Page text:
A federal judge barred the Trump administration Friday from approving oil companies’ requests to use the high-pressure drilling technique known as fracking in offshore wells along the Southern California coast until a review of the possible effects on endangered species and state coastal resources.
In lawsuits by the state and environmental groups, U.S. District Judge Philip Gutierrez of Los Angeles said federal agencies that issue underwater drilling permits must consult with the U.S. Fish and Wildlife Service, about the possible impact of fracking chemicals on sea birds and otters, before approving any permits for its use off Santa Barbara, Ventura and Los Angeles counties. He said the agencies must also present their plans to the California Coastal Commission, which reviews offshore projects for possible harms to coastal areas.
Fracking, or hydraulic fracturing, injects a high-pressure mixture of water and chemicals into rocks and mineral deposits to release oil and gas. Environmental advocates contend it causes water and air pollution and have urged Gov. Jerry Brown, unsuccessfully, to ban its use on California lands.
Oil companies say fracking is harmless, and it was permitted in federal lands and waters under President Barack Obama, when the lawsuits were filed. Besides offshore fracking, the suits challenge government approval of acidizing, the injection of acid into a well to increase oil production. The American Petroleum Institute and Exxon Mobil Corp. joined federal agencies in opposition to the suits.
Gutierrez’s ruling did not criticize the drilling techniques, and in fact upheld the government’s assessment — begun under Obama, completed under Trump — that concluded their continued use offshore would have “no significant impact” on the environment. But he said the permit-issuing agencies had failed to consult adequately with the Fish and Wildlife Service about threatened species, and had failed to consult at all with the Coastal Commission.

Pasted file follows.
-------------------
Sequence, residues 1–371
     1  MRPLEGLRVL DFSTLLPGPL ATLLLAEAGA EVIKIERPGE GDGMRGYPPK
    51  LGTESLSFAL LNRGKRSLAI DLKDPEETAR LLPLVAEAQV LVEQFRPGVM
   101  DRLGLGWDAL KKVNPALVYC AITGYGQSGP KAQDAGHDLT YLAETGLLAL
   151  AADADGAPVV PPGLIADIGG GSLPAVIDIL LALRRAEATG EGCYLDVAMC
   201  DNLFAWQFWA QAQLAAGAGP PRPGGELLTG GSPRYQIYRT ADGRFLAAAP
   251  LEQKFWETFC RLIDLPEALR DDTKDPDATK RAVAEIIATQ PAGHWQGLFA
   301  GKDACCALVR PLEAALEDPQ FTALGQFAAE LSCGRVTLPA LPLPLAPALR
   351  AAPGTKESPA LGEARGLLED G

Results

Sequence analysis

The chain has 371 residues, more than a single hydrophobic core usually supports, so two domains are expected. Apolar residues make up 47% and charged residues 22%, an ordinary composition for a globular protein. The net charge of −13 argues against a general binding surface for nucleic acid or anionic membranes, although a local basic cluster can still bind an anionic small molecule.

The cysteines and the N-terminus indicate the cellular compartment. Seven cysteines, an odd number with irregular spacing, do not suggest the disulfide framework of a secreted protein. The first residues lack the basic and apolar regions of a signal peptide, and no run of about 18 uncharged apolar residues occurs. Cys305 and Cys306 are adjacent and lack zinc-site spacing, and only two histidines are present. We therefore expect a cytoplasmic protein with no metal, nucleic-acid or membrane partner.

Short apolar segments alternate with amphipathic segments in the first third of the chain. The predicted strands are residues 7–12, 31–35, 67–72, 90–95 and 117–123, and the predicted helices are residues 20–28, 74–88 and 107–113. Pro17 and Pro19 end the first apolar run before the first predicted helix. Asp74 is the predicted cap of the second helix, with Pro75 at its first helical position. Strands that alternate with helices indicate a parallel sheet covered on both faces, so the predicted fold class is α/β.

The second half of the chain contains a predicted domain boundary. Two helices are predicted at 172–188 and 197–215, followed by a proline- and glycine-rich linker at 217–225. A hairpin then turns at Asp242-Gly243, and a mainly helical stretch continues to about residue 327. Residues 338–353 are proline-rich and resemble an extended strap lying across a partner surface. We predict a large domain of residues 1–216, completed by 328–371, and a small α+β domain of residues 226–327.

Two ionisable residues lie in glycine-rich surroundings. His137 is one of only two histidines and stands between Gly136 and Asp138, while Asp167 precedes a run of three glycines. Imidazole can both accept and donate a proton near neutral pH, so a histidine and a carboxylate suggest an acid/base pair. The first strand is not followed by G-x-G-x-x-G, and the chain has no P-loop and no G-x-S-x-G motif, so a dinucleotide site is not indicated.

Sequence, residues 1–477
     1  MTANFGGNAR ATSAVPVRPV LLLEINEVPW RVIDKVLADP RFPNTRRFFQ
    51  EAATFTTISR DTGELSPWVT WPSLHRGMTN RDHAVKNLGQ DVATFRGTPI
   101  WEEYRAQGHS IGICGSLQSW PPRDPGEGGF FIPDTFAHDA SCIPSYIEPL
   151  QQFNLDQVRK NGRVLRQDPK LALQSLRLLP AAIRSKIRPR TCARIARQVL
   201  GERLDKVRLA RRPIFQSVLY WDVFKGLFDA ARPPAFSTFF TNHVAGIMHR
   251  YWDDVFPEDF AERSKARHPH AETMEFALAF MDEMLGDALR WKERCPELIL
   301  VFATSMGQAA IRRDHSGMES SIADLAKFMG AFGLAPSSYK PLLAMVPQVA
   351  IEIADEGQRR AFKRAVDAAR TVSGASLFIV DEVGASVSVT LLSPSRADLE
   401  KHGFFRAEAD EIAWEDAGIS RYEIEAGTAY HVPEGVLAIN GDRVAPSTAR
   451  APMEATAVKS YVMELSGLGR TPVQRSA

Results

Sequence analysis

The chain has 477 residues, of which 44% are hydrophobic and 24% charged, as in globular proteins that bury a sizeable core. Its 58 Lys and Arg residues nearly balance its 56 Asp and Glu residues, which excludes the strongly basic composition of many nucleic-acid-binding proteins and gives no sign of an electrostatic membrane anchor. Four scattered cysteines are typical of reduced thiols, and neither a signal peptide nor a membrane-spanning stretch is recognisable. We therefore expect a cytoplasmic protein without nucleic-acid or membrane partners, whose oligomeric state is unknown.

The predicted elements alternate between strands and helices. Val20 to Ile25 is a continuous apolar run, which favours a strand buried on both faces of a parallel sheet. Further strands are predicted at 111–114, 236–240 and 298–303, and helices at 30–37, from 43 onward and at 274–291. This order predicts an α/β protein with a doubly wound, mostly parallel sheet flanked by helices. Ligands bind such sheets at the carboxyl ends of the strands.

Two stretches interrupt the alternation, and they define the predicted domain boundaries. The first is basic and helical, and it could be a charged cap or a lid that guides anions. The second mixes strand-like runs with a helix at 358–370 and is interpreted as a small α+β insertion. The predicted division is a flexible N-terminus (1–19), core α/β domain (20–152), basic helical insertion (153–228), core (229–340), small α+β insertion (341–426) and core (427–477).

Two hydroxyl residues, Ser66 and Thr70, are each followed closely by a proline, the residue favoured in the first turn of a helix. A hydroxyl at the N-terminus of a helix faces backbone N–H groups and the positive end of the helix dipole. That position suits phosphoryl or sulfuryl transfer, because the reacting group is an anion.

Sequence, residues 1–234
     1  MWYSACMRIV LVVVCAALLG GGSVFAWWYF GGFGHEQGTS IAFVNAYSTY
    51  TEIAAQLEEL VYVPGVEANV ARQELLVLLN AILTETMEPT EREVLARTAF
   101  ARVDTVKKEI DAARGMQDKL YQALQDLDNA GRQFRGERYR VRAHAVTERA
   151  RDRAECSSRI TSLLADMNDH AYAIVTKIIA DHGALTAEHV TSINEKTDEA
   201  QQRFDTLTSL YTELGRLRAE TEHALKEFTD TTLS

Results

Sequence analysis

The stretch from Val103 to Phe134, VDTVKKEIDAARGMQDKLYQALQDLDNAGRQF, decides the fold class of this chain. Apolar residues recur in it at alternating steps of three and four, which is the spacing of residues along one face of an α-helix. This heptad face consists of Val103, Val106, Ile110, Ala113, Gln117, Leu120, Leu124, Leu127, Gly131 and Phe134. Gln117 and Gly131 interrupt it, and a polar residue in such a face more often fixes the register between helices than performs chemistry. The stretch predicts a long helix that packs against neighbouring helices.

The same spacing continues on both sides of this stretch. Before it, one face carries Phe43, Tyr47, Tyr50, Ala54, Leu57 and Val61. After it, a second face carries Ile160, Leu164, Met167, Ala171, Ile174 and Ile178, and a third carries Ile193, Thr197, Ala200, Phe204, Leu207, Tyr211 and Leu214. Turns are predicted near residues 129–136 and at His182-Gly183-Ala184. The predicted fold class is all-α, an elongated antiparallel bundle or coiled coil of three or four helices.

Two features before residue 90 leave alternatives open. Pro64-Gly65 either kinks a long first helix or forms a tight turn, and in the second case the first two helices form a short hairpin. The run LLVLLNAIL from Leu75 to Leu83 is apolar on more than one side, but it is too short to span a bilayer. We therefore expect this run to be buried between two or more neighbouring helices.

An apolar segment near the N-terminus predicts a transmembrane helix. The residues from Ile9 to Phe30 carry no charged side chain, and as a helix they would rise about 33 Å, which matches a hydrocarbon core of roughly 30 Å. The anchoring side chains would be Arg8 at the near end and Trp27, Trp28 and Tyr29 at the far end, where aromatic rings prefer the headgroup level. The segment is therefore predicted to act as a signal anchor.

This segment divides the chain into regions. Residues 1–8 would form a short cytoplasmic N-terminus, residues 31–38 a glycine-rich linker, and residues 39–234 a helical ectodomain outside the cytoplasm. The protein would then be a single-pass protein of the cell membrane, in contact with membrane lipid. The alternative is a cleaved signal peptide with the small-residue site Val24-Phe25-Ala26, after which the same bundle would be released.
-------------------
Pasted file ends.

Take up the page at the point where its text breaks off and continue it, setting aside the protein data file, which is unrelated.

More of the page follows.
Any need by the government and oil companies to approve drilling permits with fracking or acidizing “is outweighed by the interest of the people of the state of California” in having their commission “review the proposed action for consistency with California’s coastal management plan,” Gutierrez said.
The ruling allows the commission to study the impact of offshore fracking on coastal lands, wildlife and water quality, and requires a public hearing, said attorney Linda Krop of the Environmental Defense Council, a plaintiff in the case. If the commission decides coastal resources were at risk, she said the federal government could still issue permits, but the commission could challenge them in court.
“If the Coastal Commission objects, in my experience the federal government has backed down,” Krop said. She said environmental organizations had to file Freedom of Information Act requests during the Obama administration to discover that the government had been quietly issuing permits for offshore fracking for years. No such permits have been issued in the last few years while the suits were pending, she said.
Another environmental lawyer, Kristen Monsall of the Center for Biological Diversity, said the ruling “protects marine life and coastal communities from fracking’s toxic chemicals.”